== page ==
collected by Irene Bell 5th April 2005


Mary Lukehurst [née Hough]

Mary Hough was born in 1913 in Ardbrecknish, Scotland. She was the middle child and only daughter; there was an older brother Francis Alexander Hough (Frank) and a younger brother Patrick Harry Hough (Pat).

Mary's father worked for Colonel Thorpe as an engineer on one of the two boats Colonel Thorpe had at his home on Loch Awe. One a sailing boat and the other run by steam.

Colonel Thorpe built the small church in the village of Ardbrecknish, brother Frank was the first child to be baptised there, and Mary the second.

Her father moved to Coddington when Mary was a year old and went to work in the family business of threshing, going from farm to farm, with his steam engine and taking the grain to the mill on Balderton Lane. He had a wooden barrel, which was filled with flour for family use. Mary still has the barrel, now in her garden filled with plants.

The family first lived in one of the stone cottages on The Green, sadly no longer there and one of her first memories was seeing a long string of flags tied at one end to a large tree on the Green and the other end to her bedroom window. She cannot remember the occasion but believes it might have been to celebrate the end of the First World War when she would have been 4 or 5 years old.

She remembers Coddington as a very different place, small and friendly where everyone knew everyone else, not a lot going on, but making their own fun.

Her best friend was Bertha Knott, daughter of John Knott the village shopkeeper and baker. The shop next door to The Plough and the bakery up an alley along side. The shop sold just about everything and although there was a lovely smell of fresh newly baked bread, there was also a drum just behind the shop door, containing paraffin. To this day the smell of paraffin brings back sharp memories of the old shop to Mary.

Mary attended the village school and remembers one of her teachers called Miss Gomer. To keep order, the teacher had a long, blunt ended stick and to get the children to pay attention she would prod them in the chest with the stick. Her nickname thereafter was Prodder Gomer

Mary's friends when she was a child were Reg and Fred Simpson, who also lived on the Green. Jenny Fixter, who lived in a cottage in Hough's Yard, Lottie Glanville, and of course Bertha Knott. They all played together, the usual children's games and running around the village and the farms. Life seemed much safer then.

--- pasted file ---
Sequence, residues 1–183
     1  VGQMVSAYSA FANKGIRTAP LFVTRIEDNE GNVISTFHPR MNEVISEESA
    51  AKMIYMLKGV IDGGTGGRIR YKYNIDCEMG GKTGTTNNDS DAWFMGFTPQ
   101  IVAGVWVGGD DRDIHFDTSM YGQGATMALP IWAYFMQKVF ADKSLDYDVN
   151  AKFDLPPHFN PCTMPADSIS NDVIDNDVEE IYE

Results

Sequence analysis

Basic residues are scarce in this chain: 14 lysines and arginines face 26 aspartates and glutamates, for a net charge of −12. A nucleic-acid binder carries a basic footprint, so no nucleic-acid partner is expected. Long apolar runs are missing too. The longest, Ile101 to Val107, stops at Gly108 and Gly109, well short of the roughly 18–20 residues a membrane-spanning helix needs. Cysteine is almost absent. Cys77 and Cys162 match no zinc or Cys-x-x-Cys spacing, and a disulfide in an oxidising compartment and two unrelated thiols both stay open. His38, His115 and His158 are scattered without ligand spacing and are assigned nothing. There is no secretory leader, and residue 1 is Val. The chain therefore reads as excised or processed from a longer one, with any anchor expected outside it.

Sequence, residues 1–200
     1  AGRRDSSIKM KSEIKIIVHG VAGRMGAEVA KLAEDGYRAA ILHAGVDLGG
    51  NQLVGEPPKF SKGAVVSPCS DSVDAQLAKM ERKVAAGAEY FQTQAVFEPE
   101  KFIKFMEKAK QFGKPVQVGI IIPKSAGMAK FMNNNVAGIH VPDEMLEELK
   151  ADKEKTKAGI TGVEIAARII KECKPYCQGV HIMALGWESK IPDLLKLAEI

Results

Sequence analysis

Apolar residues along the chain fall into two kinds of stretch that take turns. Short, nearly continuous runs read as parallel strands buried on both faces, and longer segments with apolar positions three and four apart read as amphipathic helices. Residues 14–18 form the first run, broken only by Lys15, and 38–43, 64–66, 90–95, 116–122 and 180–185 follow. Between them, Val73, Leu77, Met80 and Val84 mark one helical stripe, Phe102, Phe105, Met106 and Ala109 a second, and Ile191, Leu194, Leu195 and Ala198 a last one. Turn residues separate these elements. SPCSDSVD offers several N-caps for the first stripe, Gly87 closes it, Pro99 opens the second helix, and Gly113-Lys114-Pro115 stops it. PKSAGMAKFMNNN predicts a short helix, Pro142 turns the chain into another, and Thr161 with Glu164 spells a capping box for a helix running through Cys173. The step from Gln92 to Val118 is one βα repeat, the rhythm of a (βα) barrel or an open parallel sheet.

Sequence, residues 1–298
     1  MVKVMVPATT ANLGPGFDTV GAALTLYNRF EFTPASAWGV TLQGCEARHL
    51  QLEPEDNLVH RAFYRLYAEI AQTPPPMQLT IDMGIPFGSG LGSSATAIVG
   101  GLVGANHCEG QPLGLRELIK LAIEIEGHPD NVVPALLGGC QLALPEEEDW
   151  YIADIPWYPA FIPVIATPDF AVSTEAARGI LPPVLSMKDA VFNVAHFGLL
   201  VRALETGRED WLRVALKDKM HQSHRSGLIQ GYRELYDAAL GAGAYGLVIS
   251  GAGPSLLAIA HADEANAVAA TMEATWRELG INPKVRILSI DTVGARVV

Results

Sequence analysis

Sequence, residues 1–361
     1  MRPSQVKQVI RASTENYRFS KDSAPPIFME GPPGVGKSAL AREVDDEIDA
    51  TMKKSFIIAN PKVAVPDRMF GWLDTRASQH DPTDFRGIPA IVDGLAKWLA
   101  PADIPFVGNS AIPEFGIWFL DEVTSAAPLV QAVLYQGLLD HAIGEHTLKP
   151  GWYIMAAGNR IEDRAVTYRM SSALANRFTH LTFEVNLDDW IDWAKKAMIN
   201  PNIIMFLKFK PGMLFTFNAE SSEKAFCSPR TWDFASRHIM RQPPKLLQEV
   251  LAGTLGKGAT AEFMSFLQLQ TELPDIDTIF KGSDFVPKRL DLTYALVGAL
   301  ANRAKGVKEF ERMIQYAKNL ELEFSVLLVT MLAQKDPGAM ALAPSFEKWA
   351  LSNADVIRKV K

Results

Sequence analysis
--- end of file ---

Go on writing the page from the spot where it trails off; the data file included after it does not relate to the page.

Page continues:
Grandad Hough owned the second car in Coddington, a huge open soft top Ford. The children were very excited to be driven around in it, and waved grandly to everyone as they passed.

One early memories of being driven to Skegness in a caravan, towed by the steam engine and they all stayed in a huge tent in a field. Mum even took along a large washing tub and the wash board. The caravan had a split stable door, the bottom half bolted shut, the top half propped open. On the journey, all the children, Mary, Daisy, Sonny Walster and Frank Hough were all standing holding on to the bottom door when the engine skidded, the caravan twisted and the top door swung shut, trapping and bruising the fingers of all the children, making them howl with pain.

Grandad Hough built two houses on Old Newark Road, Ardfern and Millview. The trim round the bay windows on the two houses and around the porch at Brownlow's house were all taken from Coddington Hall when it was demolished. Ardfern was named after one of the boats Colonel Thorpe had owned at Ardbrecknish House in Scotland.

Mary was very "sporty" in her teenage years; a member of the tennis club in Drove Lane and remembers the lovely tennis pavilion. She went dancing in Cranwell and Newark, but her main love was cycling. She cycled to the dances in Cranwell and even cycled to London, in one day. She visited her Aunt, who was housekeeper to Lady Astor and lived in Regents Park. She felt quite safe on the road and saw little more than half a dozen cars.

Mary met her husband Albert Edward Lukehurst at a dance, introduced by his best friend Ted Daybell, with whom he used to play cricket in Coddington. Albert had lived in Southwell and they moved to that area later. They married in 1935 and had two sons, John who lives in Southwell and Alexander who lives in Lowdham. She has two grand-children and three great grand-children.

In about 1942 Mary and Albert moved to Upton where they bought a pub, The Cross Keys, running it for about 20 years.

The family lived in Brownlow House, then brother Frank had the cottage built for his parents, where Mary lives now. She showed me a map, dated 1883, which showed that the land the cottage is built on, had at that time two stone cottages on it.

Mary and Albert moved back to Coddington to look after her Mother, and after the death of her parents, bought the cottage from her brother. It had originally more land around it, but a parcel of land was sold to Mr and Mrs Bunckle who built another house there.